Like most things, there is no perfect camera at the perfect price. Everything is a compromise regarding megapixels, picture quality, zoom length, flash, weight, display size, battery life, and cost. Decide upon the factors that are most important to you and choose accordingly. And then don't worry that some other camera has yours beat on any given factor, since yours will beat that other camera in some other aspect.

http://www.consumerreports.org/cro/digital-cameras/buying-guide.htm#flash

 
 Posted:   Aug 17, 2014 - 6:51 PM   
 By:   solium   (Member)

Good advice from Bob DiMucci. It seems to break down into four factors.

(1) Indoor shooting (low light)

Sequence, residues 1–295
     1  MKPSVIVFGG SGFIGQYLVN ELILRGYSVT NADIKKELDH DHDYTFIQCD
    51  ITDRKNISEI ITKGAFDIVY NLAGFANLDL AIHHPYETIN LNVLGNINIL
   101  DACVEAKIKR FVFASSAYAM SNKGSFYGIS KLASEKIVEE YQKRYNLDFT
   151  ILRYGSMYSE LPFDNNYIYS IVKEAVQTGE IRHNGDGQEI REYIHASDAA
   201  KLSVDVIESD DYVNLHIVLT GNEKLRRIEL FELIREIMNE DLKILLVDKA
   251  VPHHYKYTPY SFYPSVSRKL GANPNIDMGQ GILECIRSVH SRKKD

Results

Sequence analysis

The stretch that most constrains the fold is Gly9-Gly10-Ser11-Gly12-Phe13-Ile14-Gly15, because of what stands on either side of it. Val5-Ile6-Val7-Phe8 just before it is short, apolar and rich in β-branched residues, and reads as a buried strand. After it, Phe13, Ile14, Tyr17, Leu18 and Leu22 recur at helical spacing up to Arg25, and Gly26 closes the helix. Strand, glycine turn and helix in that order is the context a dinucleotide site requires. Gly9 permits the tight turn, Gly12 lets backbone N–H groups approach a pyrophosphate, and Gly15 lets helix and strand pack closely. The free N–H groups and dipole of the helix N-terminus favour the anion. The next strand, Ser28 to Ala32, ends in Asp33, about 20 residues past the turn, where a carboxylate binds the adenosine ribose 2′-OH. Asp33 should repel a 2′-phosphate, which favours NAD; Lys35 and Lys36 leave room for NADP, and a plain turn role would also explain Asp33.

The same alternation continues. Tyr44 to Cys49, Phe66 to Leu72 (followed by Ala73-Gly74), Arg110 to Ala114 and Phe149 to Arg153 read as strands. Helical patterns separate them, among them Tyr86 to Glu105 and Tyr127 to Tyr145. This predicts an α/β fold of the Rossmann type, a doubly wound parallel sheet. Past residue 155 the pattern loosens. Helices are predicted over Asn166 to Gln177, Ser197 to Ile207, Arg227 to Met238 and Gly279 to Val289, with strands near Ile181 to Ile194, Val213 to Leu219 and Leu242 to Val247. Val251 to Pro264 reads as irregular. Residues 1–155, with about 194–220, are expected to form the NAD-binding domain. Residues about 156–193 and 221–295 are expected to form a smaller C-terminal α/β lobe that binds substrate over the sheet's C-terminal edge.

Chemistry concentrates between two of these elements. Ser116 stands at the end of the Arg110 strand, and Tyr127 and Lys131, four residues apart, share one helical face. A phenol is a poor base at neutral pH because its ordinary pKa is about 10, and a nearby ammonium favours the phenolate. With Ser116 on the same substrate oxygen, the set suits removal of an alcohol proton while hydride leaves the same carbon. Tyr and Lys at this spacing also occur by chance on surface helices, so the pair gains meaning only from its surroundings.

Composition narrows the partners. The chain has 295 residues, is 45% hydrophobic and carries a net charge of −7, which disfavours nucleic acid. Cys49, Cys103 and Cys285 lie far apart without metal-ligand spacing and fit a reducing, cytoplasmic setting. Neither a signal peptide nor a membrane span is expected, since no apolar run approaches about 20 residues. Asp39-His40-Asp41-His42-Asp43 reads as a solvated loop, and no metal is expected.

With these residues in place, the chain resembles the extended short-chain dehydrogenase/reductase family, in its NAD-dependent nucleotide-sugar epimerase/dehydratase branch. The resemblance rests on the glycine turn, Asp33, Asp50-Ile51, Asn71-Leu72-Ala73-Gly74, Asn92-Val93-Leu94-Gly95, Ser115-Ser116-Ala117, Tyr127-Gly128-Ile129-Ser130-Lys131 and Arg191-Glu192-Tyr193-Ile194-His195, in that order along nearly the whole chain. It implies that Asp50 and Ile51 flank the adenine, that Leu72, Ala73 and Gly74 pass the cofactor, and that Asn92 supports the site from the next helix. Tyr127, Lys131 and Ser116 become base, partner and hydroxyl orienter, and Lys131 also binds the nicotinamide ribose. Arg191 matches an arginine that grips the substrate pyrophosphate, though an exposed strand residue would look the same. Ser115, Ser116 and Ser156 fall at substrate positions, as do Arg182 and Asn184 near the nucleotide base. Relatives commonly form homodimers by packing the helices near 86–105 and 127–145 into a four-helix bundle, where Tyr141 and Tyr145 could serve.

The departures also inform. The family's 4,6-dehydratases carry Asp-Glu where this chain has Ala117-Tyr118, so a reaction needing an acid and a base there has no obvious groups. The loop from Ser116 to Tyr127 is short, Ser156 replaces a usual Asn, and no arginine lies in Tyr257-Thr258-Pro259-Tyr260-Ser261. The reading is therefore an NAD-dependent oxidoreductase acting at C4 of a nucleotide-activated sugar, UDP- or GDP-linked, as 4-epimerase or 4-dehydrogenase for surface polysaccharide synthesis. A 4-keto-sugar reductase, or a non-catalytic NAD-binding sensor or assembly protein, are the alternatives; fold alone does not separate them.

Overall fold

(2) Outdoor shooting (bright light)
(3) Zoom (Digital vs Optical)
(4) Macro (Photographing tiny objects)

There's no perfect camera for all instances at an affordable consumer price.

 
 Posted:   Aug 17, 2014 - 6:55 PM   
 By:   Sirusjr   (Member)

You sound like you are getting into a lot more technical area than I have expertise to give you suggestions. But I would say that you are not going to have just some minimal improvement even if you were to get a much cheaper Panasonic Lumix camera than the one you are considering.

From my perspective, as someone who started taking photos on an android phone and then slowly migrated to a basic point-and-shoot camera to take over there are a few benefits that come from stand-alone cameras. These benefits exist in many cheaper options as well as the ones you are looking at.

1. The existence of optical zoom is not likely to be gotten close by any phone manufacturer in the near future.

2. The ability to control the shutter speed and aperture is not likely to be able to be done on a phone anytime soon.